Discover the Innumerable Benefits of Collaborative Law
When thinking about the divorce process, many people envision attorneys arguing in a courtroom and spouses contentiously battling it out over property, custody, and more. While this is certainly a possibility, a growing number of divorces are being handled through a process called Collaborative Law.
This process involves both parties signing a collaborative law agreement and committing to a number of meetings with their spouse and Collaborative Law trained attorneys, who they will work together with to achieve mutually beneficial terms. These terms address all aspects of the divorce including the division of property, spousal and child support, custody, parenting time, and more.
Collaborative Law is an effective process because it removes the threat of litigation from the equation and allows couples to work together to achieve the best possible outcome. Once the process begins, an agreement is signed, declaring that neither part can pursue litigation, which helps separating couples take each other’s needs and goals into consideration, as well as the best course of action regarding any children involved.
Throughout the process, both parties can directly address any outstanding issues with the help of their attorneys, which will save time and allow for more privacy than the average public proceeding of a courtroom setting. Collaborative Law also affords considerably more control over the outcome to each spouse, allowing them to seek customized solutions to any disagreements, all while keeping the overall cost much less expensive than the traditional divorce, which requires more steps and litigation.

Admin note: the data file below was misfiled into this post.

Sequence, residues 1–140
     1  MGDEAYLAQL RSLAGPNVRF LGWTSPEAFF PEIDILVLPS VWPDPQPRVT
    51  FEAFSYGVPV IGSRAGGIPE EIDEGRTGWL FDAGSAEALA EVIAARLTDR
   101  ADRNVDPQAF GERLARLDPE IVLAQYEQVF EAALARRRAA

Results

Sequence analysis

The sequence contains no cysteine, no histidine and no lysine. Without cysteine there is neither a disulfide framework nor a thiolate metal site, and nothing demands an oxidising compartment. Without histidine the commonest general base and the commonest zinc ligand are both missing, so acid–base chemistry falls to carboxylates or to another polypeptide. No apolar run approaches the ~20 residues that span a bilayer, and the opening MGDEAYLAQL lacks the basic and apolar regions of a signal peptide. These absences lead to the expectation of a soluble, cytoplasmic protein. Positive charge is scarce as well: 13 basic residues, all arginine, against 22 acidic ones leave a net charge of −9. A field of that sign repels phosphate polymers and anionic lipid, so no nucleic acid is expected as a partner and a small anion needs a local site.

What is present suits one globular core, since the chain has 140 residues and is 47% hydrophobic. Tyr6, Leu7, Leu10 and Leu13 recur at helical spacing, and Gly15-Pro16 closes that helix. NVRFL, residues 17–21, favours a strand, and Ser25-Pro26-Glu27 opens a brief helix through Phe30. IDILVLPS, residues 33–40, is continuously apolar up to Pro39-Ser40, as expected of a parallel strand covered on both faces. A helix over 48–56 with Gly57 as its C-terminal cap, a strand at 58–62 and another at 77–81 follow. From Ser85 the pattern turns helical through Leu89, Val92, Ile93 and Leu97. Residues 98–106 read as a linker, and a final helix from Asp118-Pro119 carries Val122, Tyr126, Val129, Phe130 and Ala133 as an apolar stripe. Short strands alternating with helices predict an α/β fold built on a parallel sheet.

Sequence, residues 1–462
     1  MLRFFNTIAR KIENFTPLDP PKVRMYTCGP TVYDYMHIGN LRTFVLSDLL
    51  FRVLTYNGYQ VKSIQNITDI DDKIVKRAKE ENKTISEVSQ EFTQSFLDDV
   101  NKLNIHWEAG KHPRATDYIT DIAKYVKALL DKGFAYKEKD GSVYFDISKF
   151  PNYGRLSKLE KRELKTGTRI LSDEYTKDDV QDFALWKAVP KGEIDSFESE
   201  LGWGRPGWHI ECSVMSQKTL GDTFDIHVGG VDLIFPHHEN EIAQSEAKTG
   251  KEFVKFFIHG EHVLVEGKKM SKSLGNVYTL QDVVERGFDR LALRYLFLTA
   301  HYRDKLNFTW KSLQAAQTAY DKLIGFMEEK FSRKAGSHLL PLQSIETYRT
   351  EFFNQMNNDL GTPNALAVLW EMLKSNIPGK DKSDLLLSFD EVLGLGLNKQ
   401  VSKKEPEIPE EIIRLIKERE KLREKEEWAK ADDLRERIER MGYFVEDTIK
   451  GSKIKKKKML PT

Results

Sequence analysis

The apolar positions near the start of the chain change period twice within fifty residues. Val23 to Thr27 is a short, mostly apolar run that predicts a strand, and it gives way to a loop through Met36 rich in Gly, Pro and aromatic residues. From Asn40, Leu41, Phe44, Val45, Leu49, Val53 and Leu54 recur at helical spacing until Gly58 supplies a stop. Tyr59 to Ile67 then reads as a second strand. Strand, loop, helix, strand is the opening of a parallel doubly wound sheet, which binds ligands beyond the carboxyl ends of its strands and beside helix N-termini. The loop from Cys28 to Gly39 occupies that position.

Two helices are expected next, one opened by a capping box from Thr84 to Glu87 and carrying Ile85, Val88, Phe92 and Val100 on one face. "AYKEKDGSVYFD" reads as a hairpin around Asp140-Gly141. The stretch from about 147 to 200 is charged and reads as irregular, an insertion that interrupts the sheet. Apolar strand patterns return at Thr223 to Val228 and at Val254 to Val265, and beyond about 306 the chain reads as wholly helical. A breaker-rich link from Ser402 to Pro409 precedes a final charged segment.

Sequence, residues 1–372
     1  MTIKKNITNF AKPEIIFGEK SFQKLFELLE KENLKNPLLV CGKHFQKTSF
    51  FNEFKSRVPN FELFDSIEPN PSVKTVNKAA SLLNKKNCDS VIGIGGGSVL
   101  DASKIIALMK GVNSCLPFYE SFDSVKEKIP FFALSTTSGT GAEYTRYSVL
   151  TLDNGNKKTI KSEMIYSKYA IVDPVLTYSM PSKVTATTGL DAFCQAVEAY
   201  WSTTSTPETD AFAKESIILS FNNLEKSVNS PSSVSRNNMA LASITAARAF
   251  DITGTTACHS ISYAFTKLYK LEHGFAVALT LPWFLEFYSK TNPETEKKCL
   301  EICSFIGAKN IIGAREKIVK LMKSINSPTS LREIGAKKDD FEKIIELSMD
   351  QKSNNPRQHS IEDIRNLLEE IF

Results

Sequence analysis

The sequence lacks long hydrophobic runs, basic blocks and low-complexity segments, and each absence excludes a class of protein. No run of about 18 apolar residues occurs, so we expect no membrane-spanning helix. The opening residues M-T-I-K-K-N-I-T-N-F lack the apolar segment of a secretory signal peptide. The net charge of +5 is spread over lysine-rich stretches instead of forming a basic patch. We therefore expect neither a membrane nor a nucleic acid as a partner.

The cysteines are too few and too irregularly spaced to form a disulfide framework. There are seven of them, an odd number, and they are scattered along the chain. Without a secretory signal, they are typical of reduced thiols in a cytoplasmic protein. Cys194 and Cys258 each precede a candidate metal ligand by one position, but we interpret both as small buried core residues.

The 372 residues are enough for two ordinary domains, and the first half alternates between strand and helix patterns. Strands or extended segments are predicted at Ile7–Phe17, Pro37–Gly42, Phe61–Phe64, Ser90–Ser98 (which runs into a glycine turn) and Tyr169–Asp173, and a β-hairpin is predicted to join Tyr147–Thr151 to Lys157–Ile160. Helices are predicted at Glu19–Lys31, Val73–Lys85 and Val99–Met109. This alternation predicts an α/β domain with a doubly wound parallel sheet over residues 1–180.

When Collaborative Law is successfully applied to a divorce, couples are able to achieve mutually beneficial outcomes, which are customized to their unique circumstances, rather than relying on a judge to rule in favor of one spouse or the other based on the limited information they are given about the couple’s life. After terms are agreed upon, the attorneys will prepare the proper documents and have them submitted to the court for finalization.